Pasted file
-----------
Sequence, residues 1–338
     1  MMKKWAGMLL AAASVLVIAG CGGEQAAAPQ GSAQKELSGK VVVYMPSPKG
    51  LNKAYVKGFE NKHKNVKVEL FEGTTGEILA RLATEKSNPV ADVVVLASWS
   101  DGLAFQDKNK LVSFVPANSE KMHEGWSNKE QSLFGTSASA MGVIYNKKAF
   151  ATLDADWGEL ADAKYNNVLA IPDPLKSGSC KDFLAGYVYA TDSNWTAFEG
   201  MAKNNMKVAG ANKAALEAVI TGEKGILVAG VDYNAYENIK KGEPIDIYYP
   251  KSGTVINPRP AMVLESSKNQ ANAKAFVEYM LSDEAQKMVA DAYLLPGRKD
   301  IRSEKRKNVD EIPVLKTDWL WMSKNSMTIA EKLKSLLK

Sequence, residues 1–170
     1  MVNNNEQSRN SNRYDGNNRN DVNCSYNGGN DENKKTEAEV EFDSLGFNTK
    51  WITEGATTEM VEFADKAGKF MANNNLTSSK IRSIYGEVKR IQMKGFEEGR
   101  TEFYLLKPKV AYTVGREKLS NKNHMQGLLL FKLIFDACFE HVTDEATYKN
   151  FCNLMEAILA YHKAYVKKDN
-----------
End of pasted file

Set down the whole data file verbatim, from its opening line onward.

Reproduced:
Sequence, residues 1–338
     1  MMKKWAGMLL AAASVLVIAG CGGEQAAAPQ GSAQKELSGK VVVYMPSPKG
    51  LNKAYVKGFE NKHKNVKVEL FEGTTGEILA RLATEKSNPV ADVVVLASWS
   101  DGLAFQDKNK LVSFVPANSE KMHEGWSNKE QSLFGTSASA MGVIYNKKAF
   151  ATLDADWGEL ADAKYNNVLA IPDPLKSGSC KDFLAGYVYA TDSNWTAFEG
   201  MAKNNMKVAG ANKAALEAVI TGEKGILVAG VDYNAYENIK KGEPIDIYYP
   251  KSGTVINPRP AMVLESSKNQ ANAKAFVEYM LSDEAQKMVA DAYLLPGRKD
   301  IRSEKRKNVD EIPVLKTDWL WMSKNSMTIA EKLKSLLK

Sequence, residues 1–170
     1  MVNNNEQSRN SNRYDGNNRN DVNCSYNGGN DENKKTEAEV EFDSLGFNTK
    51  WITEGATTEM VEFADKAGKF MANNNLTSSK IRSIYGEVKR IQMKGFEEGR
   101  TEFYLLKPKV AYTVGREKLS NKNHMQGLLL FKLIFDACFE HVTDEATYKN
   151  FCNLMEAILA YHKAYVKKDN